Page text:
One of the drawbacks of the cheaper, WiFi-only iPad 2 is that it doesn’t have GPS — so it can’t run any of those beautiful fullscreen navigation apps.
GPS is limited to the more expensive 3G iPad models. But if you own a GPS-enabled iPhone, you’re in luck. The WiFi-only iPad 2 inherits GPS functionality when it’s tethered to an iPhone.
While his iPad 2 was tethered to his iPhone, Kyle fired up the iPad’s Maps app. To his surprise, the iPhone began passing GPS information to the iPad.
As we got closer, I decided to get some directions to make sure we were on track. I launched the iPads maps app, expecting to navigate the old fashioned way without GPS assistance — knowing full well that GPS only comes in the 3G iPad models. Imagine my surprise when my iPad pinpointed exactly where we were on the road.
Kyle has been using the Personal Hotspot feature on his iPhone 4. As he notes, Apple’s WiFi-only iPads and iPhones have for years been able to find their location awareness via a WiFi location service. The service notes the MAC addresses of nearby WiFi hotspots and looks them up in a database of router locations, which gives an approximate location.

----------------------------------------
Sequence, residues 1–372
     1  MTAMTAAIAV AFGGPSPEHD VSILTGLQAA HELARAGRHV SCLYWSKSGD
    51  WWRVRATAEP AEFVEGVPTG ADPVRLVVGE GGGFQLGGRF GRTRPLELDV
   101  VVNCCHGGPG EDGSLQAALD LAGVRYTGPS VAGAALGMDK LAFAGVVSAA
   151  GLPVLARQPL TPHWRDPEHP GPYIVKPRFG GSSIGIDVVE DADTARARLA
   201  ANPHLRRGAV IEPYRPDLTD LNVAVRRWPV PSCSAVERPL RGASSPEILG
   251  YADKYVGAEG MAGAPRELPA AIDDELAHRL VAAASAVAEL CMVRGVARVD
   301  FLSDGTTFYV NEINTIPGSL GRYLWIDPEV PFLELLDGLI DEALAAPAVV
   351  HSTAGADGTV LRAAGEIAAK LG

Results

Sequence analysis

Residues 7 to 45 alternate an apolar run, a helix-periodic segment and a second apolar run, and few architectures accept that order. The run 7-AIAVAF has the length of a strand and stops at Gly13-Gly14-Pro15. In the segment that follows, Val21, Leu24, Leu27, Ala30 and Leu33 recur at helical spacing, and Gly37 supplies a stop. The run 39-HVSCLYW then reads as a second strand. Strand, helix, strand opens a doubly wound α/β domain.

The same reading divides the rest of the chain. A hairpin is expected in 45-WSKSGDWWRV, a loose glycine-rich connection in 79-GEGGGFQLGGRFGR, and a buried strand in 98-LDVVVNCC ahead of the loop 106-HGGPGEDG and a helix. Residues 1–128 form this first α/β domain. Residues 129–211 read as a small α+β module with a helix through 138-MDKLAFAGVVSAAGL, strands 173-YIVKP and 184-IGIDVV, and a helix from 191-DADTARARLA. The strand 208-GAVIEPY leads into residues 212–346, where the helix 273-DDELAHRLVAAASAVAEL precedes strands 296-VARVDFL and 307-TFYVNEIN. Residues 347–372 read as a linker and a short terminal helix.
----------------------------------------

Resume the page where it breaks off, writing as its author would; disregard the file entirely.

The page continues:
However, Kyle says his iPad is getting genuine GPS location information, and it’s coming from the iPhone:
It is clear I am being fed GPS information from the phone, at what appears to be an interval of once a minute or so between refreshes (likely they didn’t do real time updating so as to go easy on the phone’s battery).
So if you’ve been looking at a 3G iPad for the GPS, you might consider the WiFi-only iPad. If you have iPhone tethering, you can use it on the go.
Can anyone test this with earlier models of the iPhone and iPad? Does it work with a first-generation iPad tethered to a 3GS?
Here’s video of it in action: